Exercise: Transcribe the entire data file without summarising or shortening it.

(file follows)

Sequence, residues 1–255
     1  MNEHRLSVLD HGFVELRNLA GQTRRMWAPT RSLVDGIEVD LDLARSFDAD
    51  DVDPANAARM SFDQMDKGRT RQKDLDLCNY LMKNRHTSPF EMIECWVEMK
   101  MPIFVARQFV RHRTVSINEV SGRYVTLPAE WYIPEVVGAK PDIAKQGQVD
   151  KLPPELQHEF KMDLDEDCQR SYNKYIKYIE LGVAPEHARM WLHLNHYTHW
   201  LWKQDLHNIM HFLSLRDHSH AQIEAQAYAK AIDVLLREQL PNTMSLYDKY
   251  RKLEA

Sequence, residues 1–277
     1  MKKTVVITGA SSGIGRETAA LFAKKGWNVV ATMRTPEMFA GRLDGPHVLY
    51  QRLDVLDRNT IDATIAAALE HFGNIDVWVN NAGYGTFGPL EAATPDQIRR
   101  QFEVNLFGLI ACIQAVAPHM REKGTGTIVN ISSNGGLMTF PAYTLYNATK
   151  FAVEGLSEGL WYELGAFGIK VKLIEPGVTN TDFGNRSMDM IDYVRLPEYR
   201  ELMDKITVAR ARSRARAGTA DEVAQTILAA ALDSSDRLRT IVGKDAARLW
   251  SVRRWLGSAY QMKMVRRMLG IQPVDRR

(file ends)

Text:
Sequence, residues 1–255
     1  MNEHRLSVLD HGFVELRNLA GQTRRMWAPT RSLVDGIEVD LDLARSFDAD
    51  DVDPANAARM SFDQMDKGRT RQKDLDLCNY LMKNRHTSPF EMIECWVEMK
   101  MPIFVARQFV RHRTVSINEV SGRYVTLPAE WYIPEVVGAK PDIAKQGQVD
   151  KLPPELQHEF KMDLDEDCQR SYNKYIKYIE LGVAPEHARM WLHLNHYTHW
   201  LWKQDLHNIM HFLSLRDHSH AQIEAQAYAK AIDVLLREQL PNTMSLYDKY
   251  RKLEA

Sequence, residues 1–277
     1  MKKTVVITGA SSGIGRETAA LFAKKGWNVV ATMRTPEMFA GRLDGPHVLY
    51  QRLDVLDRNT IDATIAAALE HFGNIDVWVN NAGYGTFGPL EAATPDQIRR
   101  QFEVNLFGLI ACIQAVAPHM REKGTGTIVN ISSNGGLMTF PAYTLYNATK
   151  FAVEGLSEGL WYELGAFGIK VKLIEPGVTN TDFGNRSMDM IDYVRLPEYR
   201  ELMDKITVAR ARSRARAGTA DEVAQTILAA ALDSSDRLRT IVGKDAARLW
   251  SVRRWLGSAY QMKMVRRMLG IQPVDRR